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Are these pants classified as Chinos? - Page 2

post #16 of 53
When I buy casual pants, I only look for pants with 'certified chino' tag by the Chino Council of America (CCA), not to be confused by Canvas Council of America, which co-incidentally, also share the same acronym CCA.
post #17 of 53
Quote:
Originally Posted by JPHardy View Post

Would it be ok to send to a college chemistry lab, or does it have to be a university?

Absolutely not - only top-tier research universities will have the proper equipment and expertise. However, major metropolitan or national crime labs would be acceptable alternatives, though be sure your DNA cannot be linked to any open murders before sending samples of your clothing there.
post #18 of 53
Quote:
Originally Posted by MikeDT View Post

Would it be ok to test fabric samples at home using this...

...to determine chino or not.

The equipment will probably work, but the potential confirmation bias of testing your own pants is too great.
post #19 of 53
Quote:
Originally Posted by Millerp View Post

If you can see diagonal parallel ribs in the cotton fabric (twill) it is most probably chino cloth.
In common usage most people call just about any cotton pants "chinos "or "khakis" although
khaki really refers to a color.

Actually, khaki simultaneously refers to the specific garment and the color. The garments were named for the Persian word for dirt, simultaneously introducing the word as a color and a garment. Thank the rank and file soldiery of the British army c.1846 for that confusing bit of the english language.

It is not at all incorrect to talk about olive or gray khakis, and it is also perfectly accurate to talk about khaki chinos.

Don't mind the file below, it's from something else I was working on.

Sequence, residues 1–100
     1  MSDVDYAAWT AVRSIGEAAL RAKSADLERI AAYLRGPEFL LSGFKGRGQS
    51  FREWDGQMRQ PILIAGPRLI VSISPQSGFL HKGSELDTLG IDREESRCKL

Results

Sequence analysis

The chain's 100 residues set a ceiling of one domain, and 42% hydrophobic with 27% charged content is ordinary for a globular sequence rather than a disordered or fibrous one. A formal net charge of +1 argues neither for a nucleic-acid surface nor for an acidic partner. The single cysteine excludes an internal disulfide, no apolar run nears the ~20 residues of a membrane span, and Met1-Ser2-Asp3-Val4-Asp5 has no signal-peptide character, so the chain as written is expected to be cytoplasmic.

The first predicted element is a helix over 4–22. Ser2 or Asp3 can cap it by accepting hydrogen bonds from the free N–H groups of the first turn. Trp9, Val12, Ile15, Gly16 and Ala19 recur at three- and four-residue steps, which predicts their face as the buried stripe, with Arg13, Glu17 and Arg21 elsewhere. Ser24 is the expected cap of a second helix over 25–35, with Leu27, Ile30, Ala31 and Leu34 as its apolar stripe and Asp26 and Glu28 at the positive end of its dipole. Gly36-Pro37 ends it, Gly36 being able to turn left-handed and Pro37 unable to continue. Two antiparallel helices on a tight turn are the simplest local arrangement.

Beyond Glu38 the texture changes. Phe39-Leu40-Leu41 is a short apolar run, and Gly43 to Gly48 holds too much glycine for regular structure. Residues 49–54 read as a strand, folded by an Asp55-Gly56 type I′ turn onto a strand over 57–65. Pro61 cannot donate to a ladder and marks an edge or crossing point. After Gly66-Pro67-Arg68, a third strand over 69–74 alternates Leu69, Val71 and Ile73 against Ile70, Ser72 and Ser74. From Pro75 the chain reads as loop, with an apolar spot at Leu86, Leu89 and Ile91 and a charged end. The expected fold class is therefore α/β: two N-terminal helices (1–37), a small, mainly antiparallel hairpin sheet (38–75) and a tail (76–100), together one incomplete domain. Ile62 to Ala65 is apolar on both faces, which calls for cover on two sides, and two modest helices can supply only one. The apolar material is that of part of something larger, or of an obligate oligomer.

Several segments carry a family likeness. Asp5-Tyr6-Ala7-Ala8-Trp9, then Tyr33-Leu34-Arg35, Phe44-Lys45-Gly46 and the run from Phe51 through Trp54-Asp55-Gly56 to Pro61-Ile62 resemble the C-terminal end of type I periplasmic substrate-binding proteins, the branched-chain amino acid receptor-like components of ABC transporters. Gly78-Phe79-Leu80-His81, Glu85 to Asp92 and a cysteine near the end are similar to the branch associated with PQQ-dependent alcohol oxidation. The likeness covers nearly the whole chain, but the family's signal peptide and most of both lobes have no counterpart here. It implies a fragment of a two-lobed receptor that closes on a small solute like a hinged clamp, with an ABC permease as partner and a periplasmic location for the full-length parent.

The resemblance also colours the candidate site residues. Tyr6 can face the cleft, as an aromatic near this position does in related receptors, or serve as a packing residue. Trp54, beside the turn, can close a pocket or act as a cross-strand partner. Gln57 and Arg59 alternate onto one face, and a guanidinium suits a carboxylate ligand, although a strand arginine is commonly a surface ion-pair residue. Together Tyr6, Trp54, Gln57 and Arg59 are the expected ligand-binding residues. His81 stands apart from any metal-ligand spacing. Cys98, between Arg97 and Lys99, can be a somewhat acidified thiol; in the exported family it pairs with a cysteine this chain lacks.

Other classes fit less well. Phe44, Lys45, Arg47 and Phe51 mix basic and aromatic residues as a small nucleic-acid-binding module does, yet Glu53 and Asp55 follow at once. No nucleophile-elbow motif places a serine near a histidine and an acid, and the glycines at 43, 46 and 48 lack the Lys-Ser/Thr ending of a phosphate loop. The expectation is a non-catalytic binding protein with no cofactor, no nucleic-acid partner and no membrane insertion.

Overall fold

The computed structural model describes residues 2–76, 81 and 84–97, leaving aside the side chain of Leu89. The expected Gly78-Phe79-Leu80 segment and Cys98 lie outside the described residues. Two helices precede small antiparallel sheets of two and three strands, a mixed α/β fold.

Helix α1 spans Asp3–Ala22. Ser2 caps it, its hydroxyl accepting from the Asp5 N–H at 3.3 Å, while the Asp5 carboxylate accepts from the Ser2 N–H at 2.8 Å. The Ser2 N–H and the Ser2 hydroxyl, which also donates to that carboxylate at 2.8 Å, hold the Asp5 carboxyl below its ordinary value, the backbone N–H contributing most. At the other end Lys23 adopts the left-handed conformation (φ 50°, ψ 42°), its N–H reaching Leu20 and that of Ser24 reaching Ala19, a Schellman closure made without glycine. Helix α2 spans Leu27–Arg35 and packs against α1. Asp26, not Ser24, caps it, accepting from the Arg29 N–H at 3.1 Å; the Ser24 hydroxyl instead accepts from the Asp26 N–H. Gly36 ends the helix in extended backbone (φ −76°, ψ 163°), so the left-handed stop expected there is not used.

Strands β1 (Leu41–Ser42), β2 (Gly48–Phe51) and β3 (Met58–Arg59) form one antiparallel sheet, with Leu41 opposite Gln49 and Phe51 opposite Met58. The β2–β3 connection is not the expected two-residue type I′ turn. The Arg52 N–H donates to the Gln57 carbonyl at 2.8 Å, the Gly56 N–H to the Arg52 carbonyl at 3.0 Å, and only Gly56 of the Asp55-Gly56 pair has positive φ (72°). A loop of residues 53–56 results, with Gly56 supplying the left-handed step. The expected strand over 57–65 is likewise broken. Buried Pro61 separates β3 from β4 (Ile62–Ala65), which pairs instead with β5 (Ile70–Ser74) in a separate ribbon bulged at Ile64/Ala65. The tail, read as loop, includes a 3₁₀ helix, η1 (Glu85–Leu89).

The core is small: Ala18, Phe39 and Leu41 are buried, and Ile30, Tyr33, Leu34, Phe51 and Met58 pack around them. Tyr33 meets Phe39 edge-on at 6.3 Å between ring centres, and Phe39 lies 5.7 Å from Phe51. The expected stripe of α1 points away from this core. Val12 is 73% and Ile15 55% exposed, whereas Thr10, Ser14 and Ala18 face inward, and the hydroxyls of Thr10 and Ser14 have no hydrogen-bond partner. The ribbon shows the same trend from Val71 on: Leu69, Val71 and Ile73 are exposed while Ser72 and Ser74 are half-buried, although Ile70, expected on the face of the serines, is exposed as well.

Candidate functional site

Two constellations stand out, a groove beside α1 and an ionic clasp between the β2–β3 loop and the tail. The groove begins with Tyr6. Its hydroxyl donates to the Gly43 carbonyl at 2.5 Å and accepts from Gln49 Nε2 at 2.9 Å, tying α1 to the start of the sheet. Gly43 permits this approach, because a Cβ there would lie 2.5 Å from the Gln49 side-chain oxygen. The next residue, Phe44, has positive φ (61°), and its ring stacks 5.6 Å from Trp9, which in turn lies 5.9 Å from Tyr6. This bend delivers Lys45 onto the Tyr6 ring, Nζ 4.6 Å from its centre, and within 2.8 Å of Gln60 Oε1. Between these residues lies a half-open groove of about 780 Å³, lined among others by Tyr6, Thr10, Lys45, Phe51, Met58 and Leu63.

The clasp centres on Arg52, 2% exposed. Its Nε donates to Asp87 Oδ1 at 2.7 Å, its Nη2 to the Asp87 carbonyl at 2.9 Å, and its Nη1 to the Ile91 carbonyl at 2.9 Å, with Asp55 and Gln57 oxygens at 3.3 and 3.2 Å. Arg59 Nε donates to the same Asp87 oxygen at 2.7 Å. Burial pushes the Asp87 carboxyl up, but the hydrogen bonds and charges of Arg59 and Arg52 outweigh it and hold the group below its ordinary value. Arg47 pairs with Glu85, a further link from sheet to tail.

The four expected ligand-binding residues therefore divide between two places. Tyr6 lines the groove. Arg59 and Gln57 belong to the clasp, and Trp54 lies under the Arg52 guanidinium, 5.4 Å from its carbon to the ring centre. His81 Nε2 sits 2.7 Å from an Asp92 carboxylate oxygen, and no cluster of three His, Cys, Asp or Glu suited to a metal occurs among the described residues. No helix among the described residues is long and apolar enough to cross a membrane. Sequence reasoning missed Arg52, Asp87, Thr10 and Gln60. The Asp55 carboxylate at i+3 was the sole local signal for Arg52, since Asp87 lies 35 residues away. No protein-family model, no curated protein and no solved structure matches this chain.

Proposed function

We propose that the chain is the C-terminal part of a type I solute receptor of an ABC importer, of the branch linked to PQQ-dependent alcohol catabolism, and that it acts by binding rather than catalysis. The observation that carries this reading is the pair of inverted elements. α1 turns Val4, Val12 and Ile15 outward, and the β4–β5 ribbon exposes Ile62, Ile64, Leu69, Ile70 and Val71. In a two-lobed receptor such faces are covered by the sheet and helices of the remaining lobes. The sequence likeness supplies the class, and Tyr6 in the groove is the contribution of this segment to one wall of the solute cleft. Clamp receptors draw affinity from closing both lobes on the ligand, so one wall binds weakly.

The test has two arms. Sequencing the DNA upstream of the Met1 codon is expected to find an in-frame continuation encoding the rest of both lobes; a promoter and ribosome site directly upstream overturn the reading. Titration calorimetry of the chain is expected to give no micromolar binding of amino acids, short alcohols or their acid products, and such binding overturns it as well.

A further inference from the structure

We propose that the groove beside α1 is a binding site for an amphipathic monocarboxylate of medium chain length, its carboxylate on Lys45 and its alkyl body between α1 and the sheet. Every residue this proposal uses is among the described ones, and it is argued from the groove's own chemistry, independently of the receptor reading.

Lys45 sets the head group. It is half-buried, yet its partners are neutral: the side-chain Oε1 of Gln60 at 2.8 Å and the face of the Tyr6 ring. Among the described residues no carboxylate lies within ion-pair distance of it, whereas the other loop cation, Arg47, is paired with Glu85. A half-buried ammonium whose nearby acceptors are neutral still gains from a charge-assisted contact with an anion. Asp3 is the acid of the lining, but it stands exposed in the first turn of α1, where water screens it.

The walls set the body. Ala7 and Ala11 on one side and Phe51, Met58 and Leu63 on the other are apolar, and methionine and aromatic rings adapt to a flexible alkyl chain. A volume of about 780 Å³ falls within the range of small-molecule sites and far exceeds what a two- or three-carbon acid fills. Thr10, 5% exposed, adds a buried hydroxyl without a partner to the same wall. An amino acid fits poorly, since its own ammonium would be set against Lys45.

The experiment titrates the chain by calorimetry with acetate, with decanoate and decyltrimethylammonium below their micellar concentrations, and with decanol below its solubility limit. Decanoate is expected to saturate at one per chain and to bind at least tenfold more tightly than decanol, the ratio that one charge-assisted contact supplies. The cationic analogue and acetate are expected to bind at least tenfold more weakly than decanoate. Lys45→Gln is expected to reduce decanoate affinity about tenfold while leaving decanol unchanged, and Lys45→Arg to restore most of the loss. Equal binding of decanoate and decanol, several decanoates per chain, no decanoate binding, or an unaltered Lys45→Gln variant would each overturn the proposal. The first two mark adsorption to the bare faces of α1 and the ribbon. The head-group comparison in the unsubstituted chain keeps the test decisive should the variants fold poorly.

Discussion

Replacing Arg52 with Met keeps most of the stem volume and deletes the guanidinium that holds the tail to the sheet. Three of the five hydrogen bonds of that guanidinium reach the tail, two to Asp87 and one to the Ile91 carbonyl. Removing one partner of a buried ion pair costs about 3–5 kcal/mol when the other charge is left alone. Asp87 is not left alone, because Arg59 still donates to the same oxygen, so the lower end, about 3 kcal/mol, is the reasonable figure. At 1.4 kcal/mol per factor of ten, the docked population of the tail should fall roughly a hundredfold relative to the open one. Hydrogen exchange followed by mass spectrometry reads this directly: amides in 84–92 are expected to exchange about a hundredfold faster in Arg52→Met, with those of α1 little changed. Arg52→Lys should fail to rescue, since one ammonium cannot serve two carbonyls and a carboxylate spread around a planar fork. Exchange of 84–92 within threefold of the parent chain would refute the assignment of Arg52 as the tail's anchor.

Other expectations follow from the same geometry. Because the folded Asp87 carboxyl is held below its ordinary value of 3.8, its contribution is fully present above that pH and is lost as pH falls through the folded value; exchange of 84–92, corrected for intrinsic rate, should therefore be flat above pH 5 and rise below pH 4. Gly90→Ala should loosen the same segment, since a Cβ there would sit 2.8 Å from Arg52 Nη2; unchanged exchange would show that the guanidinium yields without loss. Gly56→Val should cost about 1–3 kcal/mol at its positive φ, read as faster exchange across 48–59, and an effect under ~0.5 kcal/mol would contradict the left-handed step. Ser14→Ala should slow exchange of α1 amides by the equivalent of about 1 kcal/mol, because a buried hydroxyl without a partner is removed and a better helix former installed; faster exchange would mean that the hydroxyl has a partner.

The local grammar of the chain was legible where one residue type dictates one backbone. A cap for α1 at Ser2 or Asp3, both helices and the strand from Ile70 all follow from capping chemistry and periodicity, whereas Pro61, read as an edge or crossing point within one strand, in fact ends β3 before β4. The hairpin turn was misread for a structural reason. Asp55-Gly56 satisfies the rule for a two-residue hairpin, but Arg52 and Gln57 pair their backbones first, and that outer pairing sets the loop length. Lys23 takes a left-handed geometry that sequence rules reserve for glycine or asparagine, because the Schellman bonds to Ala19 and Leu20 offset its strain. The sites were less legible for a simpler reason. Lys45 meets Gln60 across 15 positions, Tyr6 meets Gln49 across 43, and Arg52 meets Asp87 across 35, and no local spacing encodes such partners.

post #20 of 53
Quote:
Originally Posted by cptjeff View Post

It is not at all incorrect to talk about olive or gray khakis, and it is also perfectly accurate to talk about khaki chinos.

BUT HE NEEDS TO KNOW IF THEY ARE KHAKIS OR CHINOS.
post #21 of 53
What if they are Khinos?
post #22 of 53
Made in China=chinos.
post #23 of 53

I think they are chakis.

post #24 of 53
Quote:
Originally Posted by cptjeff View Post

Actually, khaki simultaneously refers to the specific garment and the color. The garments were named for the Persian word for dirt, simultaneously introducing the word as a color and a garment. Thank the rank and file soldiery of the British army c.1846 for that confusing bit of the english language.
It is not at all incorrect to talk about olive or gray khakis, and it is also perfectly accurate to talk about khaki chinos.

Are you saying that a chino can be khaki but a khaki might not neccessarily be chino?
post #25 of 53
post #26 of 53
Depends on whether OP intends to wear them as Office Pants.
post #27 of 53
Quote:
Originally Posted by Rolex Luthor View Post

Depends on whether OP intends to wear them as Office Pants.

Office Pents are totally diferent from khaki's and chino's.
post #28 of 53
I like that they sell those hemmed Prestons to suckers. Leaves more unhemmed ones for us Big Tymers.
post #29 of 53
Buying unhemmed pants is the surest sign of a Big Timer.
post #30 of 53
Quote:
Originally Posted by bellyhungry View Post

Are you saying that a chino can be khaki but a khaki might not neccessarily be chino?

No. I'm saying that khaki and chino are synonyms in regards to the garment, but khaki also has a separate meaning, as the name of a color outside of the relationship to pants.
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